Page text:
Lotus Elan

Differential:- Pinion replacement & bearing pre-loading

PostPost by: wotsisname » Wed Jul 26, 2017 12:55 pm

Another Differential question I?m afraid ! I?ve read through many posts on this and other sites but still a bit unclear on some aspects of this jigger-pokery.

I am fitting the correct pinion flange to a differential that was fully rebuilt some while ago but never used. This was built with an incorrect flange.

It does not currently have a flange fitted, so I can?t mark the position (and it is a different flange anyhow), I am also be unsure about the condition of the crush spacer, so am making the assumption it is not useful.

The diff is currently on my bench with the rear casing & output shafts attached. I have a new pinion seal, collapsible spacer, the flange and the special nut.

Can I set up the pinion bearing pre-load with the diff as it is currently, or do the shafts & casing have to come off ?
eg will the diff come apart enough to fit the crush spacer once the seal is removed ?
does the meshing / backlash etc need checking again, or will this remain correct if the pre-load is done ?

I have seen methods described that involve a spring balance hooked to the flange (prop fitting holes). Will the numbers be correct with the rest of the diff/output shafts fitted , or are they not really involved in this setting ?

If this method is suitable, what should I be aiming for on the spring balance ? [I don?t have a dial torque wrench and they look pretty pricey. Once I have acquired one, I can calibrate a spring balance easily enough]

Another alternative I have heard of is to use a bottle of water in place of the spring balance (again, I can calibrate this on a decent balance) and tighten up until the water bottle won?t drag the flange around anymore.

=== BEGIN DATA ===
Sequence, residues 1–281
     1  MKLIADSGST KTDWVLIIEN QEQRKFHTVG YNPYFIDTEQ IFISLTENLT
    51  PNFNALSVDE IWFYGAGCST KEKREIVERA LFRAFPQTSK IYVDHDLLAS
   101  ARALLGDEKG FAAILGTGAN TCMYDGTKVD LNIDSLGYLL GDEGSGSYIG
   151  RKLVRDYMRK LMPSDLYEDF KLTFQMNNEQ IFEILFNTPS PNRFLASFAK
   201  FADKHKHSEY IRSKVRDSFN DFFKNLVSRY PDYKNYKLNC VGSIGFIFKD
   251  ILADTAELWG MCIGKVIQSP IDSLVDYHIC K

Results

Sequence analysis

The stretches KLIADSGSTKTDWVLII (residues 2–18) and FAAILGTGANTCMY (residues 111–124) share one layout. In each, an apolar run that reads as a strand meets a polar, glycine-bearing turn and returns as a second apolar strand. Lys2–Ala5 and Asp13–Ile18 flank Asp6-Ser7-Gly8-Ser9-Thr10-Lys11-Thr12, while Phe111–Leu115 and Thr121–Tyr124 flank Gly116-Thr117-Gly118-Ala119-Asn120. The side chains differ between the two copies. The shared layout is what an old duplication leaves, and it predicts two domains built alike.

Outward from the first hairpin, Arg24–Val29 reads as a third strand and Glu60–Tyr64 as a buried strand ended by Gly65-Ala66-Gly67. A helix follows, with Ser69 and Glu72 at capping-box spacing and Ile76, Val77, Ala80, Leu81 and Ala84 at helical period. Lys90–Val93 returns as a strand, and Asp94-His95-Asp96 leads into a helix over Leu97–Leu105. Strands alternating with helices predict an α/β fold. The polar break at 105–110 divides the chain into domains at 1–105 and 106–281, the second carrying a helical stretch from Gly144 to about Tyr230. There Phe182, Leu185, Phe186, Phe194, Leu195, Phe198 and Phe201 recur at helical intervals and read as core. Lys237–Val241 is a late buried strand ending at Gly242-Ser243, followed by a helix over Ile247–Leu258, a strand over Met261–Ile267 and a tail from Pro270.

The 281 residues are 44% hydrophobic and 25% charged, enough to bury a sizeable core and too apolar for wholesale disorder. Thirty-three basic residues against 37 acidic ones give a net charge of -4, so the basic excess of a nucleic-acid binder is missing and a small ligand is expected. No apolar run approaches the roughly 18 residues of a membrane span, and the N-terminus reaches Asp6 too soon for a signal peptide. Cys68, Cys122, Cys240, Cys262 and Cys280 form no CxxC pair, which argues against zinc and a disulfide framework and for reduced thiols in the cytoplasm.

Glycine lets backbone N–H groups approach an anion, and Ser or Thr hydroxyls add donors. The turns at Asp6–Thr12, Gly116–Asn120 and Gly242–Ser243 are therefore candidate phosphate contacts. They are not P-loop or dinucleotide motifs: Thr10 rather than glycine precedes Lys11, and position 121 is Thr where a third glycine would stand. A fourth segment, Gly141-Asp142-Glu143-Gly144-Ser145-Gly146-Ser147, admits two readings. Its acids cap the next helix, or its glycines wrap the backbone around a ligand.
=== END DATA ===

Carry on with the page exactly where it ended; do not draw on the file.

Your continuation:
I would probably calibrate for the upper, lower and mid points. Then setup the diff for something below the lower setting as a trial, then for the lower value , then the mid value and do a check against the upper value. Should this work ?

Regards
Adrian
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PostPost by: jono » Wed Jul 26, 2017 3:32 pm

Adrian,

I had to face this recently after fitting new bearings and output shafts to a spare diff and realising at the point of fitting to the car that the flange had the wrong pcd.

Not what you probably want to hear but I just swapped them over, retained the crush tube, and re torqued to Lotus spec.

It 'felt' right when I did this (by turning the flange by hand) and after 2000 miles it's quiet as a mouse and gives no trouble at all.
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PostPost by: 2cams70 » Thu Jul 27, 2017 2:24 am

There is no tightening torque specification for the pinion flange nut. The torque on the nut is determined by the point at which the crush tube starts to crush which may vary somewhat from crush tube to crush tube. You would be leaving it to luck only if you just swapped the flanges over relying on "feel".

Although it may be possible to set the pinion preload with the axle shafts still attached I would prefer not to do it that way. The drag of the axle shafts, axle shaft bearings, brakes etc. would mean the pinion preload contribution to the measured torque would be reduced and hence the ultimate accuracy of the setting would be reduced.

Far better to set it with the axle shafts removed or the carrier out of the housing. BEFORE removing the original pinion flange you need to measure what the current pinion running torque is. Best to use a spring balance for this. You don't need to worry too much about calibrating it. We aren't concerned about absolutes figures here - we are only interested in getting the running torque of the pinion with the new flange the same as it was with the old flange. We are of course assuming that the pinion with the old flange was set up correctly originally.